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Armistice Day - an opportunity to remember - Azana Photo Frames

Armistice Day - an opportunity to remember

Armistice Day - an opportunity to remember


On November 11 at 11am, we all take just two minutes to remember those who took part in and died during the First World War. Not only that but we also have in our minds all of those who have died in service since - across all wars and conflicts - some of which are still happening now.


Armistice Day commemorates the day and time that Germany and the Allies signed the Armistice agreement in 1918 - effectively bringing to an end the most deadly War to have affected the Western world. It is commemorated around the world in allied countries and Commonwealth states.


Many people wear poppies to show their respect and this year, the Royal British Legion is asking people to wear the poppy as a symbol of hope, not just conflict. Next year it will be 100 years since the agreement was signed and the remembrance celebrations have only gained in popularity - possibly as we equate it with those conflicts that still take lives to this day.


This simple two minutes of silence is about respect, but mostly it is a chance for reflection. Our thoughts will often turn to those we have lost, those who made sacrifices and the memories that we have that bring joy and sometimes sorrow to all of us.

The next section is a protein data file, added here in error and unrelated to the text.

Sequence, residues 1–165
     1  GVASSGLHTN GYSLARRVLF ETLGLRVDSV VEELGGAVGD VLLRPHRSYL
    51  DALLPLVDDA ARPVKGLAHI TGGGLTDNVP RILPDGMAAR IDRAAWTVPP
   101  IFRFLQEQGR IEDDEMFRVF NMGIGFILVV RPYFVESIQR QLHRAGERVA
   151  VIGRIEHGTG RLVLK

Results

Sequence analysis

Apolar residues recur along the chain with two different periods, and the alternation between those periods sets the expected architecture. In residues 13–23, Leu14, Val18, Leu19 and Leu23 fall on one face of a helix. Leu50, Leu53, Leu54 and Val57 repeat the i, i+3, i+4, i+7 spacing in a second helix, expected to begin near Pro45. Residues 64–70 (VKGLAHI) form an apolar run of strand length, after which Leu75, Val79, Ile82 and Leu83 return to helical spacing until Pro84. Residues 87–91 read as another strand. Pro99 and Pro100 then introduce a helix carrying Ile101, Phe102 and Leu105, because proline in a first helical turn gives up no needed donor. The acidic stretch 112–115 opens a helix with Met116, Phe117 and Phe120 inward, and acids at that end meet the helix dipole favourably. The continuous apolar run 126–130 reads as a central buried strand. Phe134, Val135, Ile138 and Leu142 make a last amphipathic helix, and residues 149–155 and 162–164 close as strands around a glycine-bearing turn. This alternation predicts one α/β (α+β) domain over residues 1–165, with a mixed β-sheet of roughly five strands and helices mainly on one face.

But memories don’t need to be restricted to just one day (or even just one minute) in a year. Memories can be kept for a lifetime and the gift of remembrance can be there for us daily.


Our remembrance and personalised photo frames can be used to help you remember family members who fell in the great war and those since. They offer a chance to show respect and to individualise a person who gave their life - rather than them being a part of the whole. This show of respect is also important for children and next generations to appreciate and understand the stories of their great grandparents. It is a chance to open up a discussion and to keep memories alive.


A simple photo may not bring someone back or even prevent the deaths of soldiers to come, but it does offer a small feeling of hope - something that this year’s memorials are asking us to try and feel. Hope might be all it takes to prevent future disharmony between nations.

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